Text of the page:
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Management of tuberculosis in Wales: 1986–92
  1. Verghese Mathewa,
  2. Mazin Alfahama,
  3. Meirion R Evansd,
  4. Haydn Adamsb,
  5. Roger Verrier Jonesa,
  6. Ian Campbellc,
  7. Tony Jenkinse
  1. aLlandough Hospital and Community NHS Trust, Penarth, South Glamorgan, Department of Child Health, bDepartment of Radiology, cDepartment of Respiratory Medicine, dDepartment of Public Health Medicine, South Glamorgan Health Authority, Cardiff, ePublic Health Laboratory Service Mycobacterium Reference Laboratory, Cardiff Public Health Laboratory
  1. Dr M Alfaham, Department of Child Health, Llandough Hospital and Community NHS Trust, Penlan Road, Penarth, Vale of Glamorgan CF64 2XX.


OBJECTIVES To describe the epidemiology of childhood tuberculosis in Wales and to assess the standard of management of patients with tuberculosis.

DESIGN Retrospective study of data retrieved from case notes and review of radiographs of all identified patients.

SUBJECTS Forty eight cases of tuberculosis and 10 of tuberculosis chemoprophylaxis in children under 15 years of age, in Wales, between January 1986 and December 1992.

MAIN OUTCOME MEASURES Management of childhood tuberculosis in Wales compared with the published recommendations of the Joint Tuberculosis Committee of the British Thoracic Society.

RESULTS Documentation was poor in most of the 48 cases of tuberculosis and only 31 (65%) were formally notified. One third of patients were asymptomatic and were detected by contact tracing; only eight (17%) were culture positive. Only 20% of patients from ethnic minorities had previously been immunised with BCG. Management and chemotherapy varied widely. Few patients were managed jointly by paediatricians and chest doctors. Only 10% completed treatment with a recommended chemotherapy regimen. In 37% of patients treatment was inadequate, and in the remainder either the choice of drugs or the duration of treatment was inappropriate. No patient died, nor had any relapsed by June 1995.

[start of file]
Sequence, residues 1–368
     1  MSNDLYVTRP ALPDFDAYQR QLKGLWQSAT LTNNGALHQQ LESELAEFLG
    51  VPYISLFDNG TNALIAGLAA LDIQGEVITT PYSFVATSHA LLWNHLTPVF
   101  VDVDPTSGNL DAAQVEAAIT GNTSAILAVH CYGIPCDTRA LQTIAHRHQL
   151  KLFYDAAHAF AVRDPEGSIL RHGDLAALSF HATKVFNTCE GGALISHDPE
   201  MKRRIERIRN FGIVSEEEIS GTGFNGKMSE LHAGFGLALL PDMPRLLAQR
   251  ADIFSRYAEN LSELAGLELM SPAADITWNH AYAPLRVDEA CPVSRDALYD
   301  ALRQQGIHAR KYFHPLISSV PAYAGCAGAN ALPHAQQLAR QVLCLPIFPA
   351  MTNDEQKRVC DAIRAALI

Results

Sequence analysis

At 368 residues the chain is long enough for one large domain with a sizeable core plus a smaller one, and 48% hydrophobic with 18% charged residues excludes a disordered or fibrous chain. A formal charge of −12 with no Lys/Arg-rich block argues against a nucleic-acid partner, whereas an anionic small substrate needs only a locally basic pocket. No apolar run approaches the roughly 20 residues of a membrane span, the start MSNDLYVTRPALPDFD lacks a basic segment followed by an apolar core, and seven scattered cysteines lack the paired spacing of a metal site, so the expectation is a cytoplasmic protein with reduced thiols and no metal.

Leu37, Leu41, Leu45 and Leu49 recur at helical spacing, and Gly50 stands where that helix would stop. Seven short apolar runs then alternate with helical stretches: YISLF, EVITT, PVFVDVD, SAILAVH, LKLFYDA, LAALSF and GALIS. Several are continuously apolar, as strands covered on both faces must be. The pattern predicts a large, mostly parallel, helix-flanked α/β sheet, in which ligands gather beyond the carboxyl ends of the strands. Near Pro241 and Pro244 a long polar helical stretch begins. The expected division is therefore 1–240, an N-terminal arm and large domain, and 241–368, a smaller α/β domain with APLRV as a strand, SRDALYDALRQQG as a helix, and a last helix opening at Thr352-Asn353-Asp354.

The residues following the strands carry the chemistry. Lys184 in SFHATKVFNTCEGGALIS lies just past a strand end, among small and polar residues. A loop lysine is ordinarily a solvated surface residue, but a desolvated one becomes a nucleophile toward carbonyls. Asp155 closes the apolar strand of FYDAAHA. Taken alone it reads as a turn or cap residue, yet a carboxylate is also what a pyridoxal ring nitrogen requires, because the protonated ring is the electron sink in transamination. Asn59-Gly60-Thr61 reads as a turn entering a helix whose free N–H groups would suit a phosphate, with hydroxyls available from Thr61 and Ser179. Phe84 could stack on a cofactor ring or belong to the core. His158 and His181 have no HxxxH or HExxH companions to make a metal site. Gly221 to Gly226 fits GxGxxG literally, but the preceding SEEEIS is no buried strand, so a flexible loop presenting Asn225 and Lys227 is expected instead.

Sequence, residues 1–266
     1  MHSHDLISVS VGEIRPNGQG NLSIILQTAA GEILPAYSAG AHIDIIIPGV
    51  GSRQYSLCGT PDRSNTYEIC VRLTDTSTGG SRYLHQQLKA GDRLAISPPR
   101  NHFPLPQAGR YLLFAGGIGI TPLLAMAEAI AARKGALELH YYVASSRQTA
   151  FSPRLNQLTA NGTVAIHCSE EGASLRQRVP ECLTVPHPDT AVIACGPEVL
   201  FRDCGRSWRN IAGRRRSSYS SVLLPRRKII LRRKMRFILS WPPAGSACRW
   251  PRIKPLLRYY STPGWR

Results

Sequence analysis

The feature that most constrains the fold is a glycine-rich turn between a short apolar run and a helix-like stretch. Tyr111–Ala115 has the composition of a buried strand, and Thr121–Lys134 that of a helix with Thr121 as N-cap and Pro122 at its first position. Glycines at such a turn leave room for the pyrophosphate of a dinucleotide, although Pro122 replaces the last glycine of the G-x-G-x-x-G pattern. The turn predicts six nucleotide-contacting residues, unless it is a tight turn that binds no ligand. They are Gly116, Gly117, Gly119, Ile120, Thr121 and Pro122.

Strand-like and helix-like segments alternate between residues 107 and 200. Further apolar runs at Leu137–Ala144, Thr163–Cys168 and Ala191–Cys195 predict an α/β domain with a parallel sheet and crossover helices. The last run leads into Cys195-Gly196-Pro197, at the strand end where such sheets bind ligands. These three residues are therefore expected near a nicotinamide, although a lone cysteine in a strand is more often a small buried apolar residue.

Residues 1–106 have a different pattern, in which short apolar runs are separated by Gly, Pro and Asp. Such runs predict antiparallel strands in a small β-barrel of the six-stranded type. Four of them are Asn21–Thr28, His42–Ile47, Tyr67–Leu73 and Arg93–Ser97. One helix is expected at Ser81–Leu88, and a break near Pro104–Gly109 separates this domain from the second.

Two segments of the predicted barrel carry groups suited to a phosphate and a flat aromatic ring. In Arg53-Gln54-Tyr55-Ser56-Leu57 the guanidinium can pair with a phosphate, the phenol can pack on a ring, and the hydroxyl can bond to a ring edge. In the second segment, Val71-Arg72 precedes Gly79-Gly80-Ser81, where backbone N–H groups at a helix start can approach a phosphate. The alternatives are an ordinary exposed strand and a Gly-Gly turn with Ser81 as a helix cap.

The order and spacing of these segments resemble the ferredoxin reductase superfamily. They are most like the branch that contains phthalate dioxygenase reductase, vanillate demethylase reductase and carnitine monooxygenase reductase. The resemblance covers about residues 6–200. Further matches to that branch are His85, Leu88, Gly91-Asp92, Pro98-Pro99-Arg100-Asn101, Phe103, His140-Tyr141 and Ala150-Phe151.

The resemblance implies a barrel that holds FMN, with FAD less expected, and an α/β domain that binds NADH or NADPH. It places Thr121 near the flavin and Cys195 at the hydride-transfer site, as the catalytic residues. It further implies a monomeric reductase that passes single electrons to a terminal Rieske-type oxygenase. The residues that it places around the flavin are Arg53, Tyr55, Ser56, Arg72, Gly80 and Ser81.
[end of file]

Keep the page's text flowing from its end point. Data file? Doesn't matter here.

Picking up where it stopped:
CONCLUSIONS Very few cases of childhood tuberculosis were managed according to the recommendations of the British Thoracic Society.

  • One third of patients with childhood tuberculosis were not notified

  • Most case of tuberculosis were in white children

  • Two thirds of patients had pulmonary disease; only two had tuberculous meningitis and none died

  • BCG immunisation status and tuberculin skin test results were poorly documented

  • Very few patients were jointly managed by paediatricians and chest doctors

  • Drug treatment was often inappropriate, either with respect to the choice of drugs or the duration of treatment

  • patient management
  • drug regimens
  • treatment recommendations

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